A Big Laugher

The Badgers took down Indiana 83-20 Saturday at Camp Randall and it was every bit as lopsided as the record setting score implies.

MADISON —To capture the absurdity of the 83-20 embarrassment that was the Wisconsin victory over Indiana Saturday just absorb this simple fact:

Badger quarterback Nate Tice scored a 17-yard rushing touchdown.

Nate Tice! On a naked bootleg!

"When coach Chryst called a naked, it brought a variety of different laughter on the head set. To put it mildly," UW head coach Bret Bielema said. "He is probably a 5.5 40 [yard dash] at best.

"I told the group in the locker room afterwards, we found our fifth string tail back in Nate Tice."

Bielema said before the weekend he didn't concern himself with earning "style points" to impress the BCS voters and reiterated that fact after the game.

Wink, wink.

Whether intentionally or not, the Badgers made several resounding statements Saturday.

For one, it was the greatest offensive performance in Wisconsin history. It was the most points UW has ever scored against a Big Ten opponent (the previous high was 62 points) and tied the highest Big Ten score during the modern era. It was the most points scored by any FBS team this season. The Badgers scored on all 12 possessions they touched the ball.

In short, it was a video game with the opponent set on the "beginner" level.

"We actually weren't surprised about scoring [83 points]," starting running back Montee Ball, who ran for 145 yards and three touchdowns in the first half, managed to say with a straight face. "We practiced very hard and we were expecting to impose our will upon them."

Second, BCS implications were made, regardless of the Badgers intentions. It isn't only Auburn and Oregon that can put up points in a hurry.

"I can see people saying that, but honestly we were just coming out and playing the situation," UW left tackle Gabe Carimi said. "We weren't trying to … it was just the situation."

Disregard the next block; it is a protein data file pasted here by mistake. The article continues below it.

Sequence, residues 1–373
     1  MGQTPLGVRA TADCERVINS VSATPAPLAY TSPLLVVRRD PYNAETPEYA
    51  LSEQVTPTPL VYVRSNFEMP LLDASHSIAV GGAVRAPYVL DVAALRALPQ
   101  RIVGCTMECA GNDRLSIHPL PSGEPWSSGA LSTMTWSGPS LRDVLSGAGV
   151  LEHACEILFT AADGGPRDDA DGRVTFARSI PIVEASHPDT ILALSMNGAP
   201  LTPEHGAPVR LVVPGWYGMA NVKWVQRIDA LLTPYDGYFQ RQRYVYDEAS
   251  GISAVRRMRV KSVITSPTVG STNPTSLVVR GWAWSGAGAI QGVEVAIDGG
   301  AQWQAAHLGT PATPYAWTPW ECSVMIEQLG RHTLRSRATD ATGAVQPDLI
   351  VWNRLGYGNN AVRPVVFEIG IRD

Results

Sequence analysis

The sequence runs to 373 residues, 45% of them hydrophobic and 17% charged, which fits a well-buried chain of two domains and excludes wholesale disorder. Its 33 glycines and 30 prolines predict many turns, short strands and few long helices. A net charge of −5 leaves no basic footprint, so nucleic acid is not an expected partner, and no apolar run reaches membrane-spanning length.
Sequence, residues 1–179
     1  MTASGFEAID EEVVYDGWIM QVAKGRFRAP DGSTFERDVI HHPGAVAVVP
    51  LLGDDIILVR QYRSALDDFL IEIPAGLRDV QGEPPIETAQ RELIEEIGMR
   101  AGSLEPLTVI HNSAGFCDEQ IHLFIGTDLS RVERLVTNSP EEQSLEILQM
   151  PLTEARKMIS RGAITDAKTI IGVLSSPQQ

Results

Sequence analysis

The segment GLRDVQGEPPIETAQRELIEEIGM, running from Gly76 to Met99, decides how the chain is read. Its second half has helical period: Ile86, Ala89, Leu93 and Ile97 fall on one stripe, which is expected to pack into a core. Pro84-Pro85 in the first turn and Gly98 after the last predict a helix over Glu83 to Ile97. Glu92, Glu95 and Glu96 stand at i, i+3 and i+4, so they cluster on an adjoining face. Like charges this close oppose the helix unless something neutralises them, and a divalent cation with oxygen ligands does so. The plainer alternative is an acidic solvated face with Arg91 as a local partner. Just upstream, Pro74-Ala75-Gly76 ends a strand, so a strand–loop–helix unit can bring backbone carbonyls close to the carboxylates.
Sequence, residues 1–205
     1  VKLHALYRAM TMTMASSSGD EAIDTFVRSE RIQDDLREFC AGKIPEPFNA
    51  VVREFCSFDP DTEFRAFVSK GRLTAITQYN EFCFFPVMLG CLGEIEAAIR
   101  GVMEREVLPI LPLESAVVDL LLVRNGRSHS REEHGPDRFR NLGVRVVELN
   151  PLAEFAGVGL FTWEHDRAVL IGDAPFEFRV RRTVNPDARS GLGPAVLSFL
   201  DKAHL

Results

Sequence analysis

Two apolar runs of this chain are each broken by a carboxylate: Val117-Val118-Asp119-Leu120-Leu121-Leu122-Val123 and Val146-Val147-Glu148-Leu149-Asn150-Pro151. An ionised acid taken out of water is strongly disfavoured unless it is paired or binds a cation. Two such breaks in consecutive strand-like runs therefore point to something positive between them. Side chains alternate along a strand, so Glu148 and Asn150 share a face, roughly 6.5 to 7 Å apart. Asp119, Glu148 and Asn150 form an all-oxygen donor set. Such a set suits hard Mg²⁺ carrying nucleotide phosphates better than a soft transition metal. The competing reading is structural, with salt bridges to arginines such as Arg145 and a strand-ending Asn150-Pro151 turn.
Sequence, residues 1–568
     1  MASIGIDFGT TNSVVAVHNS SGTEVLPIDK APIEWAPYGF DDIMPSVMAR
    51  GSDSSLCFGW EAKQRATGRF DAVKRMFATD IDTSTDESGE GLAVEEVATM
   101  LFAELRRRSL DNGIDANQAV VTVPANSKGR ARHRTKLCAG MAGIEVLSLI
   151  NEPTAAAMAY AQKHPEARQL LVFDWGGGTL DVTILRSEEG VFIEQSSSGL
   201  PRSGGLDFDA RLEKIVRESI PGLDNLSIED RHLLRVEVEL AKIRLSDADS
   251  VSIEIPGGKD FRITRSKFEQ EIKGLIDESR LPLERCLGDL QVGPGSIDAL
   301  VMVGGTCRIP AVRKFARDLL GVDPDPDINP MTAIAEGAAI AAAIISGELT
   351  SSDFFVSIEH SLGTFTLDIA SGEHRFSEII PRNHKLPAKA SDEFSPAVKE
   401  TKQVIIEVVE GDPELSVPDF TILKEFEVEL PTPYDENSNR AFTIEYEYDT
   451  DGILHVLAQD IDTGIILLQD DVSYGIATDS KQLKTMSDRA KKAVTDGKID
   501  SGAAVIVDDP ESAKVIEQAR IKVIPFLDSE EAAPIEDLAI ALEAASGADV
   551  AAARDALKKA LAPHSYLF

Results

"It was just kind of the way things happened. I don't think Wisconsin will ever get accused of trying to be sexy or get style points," Bielema added.

In the first quarter, Indiana appeared ready to make a game of it. UW scored ten points in the opening period, but the Hoosiers countered blow for blow and the game was tied at 10-10 early in the second quarter.

Then the Badgers took over. UW railed off 42 straight points and led 59-13 entering the fourth quarter with second string QB Jon Budmayr at the helm.

Any signs of the sluggish start exhibited at Purdue last week were eliminated.

"I thought our guys took a very aggressive mentality," said Bielema. "We talked about it. That was the last thing I said in the locker room, that we were going to be the aggressor today in all phases.

"We weren't going to let up an inch."

Everything the Badgers tried on offense worked. Wisconsin racked up 598 yards on the day, including 338 on the ground. The team took just two penalties and never turned the ball over.

UW got big plays on the ground — James White ripped off a 44-yarder and Ball burst for 36 yards — and through the air after Budmayr hit Jared Abbrederis for a 74 yard touchdown in the fourth quarter. Even when the second-stringers were in the game for much of the third quarter and all of the fourth, Wisconsin moved the ball in a hurry.

The defense helped the process along by forcing three turnovers, knocking quarterback Ben Chappell out of the game and forcing punts early and often.

Special teams were superlative once again, with David Gilreath breaking a 49-yard kickoff and a 22-yard punt return, while Abbrederis chipped in a 52-yard kickoff return when the Hoosiers decided to kick away from Gilreath.

No matter what facet, where you look, at any stat, the Badgers simply dominated in every imaginable way.

"It's easy to say that with 83 points scored we played a complete game, that's for sure," UW defensive end J.J. Watt said.

"It's a fun day to be a Badger that's for sure."

The game was so lopsided, questions were broached like, "At any point did you feel sorry for the other team?"

"To be perfectly honest you feel it a little," left guard John Moffitt said. "But they put in their 'twos' also and that is what happens … that is young guys playing hard and good for them. Why not come into a game and play hard against good competition? I don't discourage it at all."

"It is part of the game, someone has to come out with the loss," Ball added. "It is not our job to stop scoring, you know, that is their job."

But most importantly, Nate Tice scored a touchdown on a 17-yard, juking scramble.

"That was crazy," Moffitt said.

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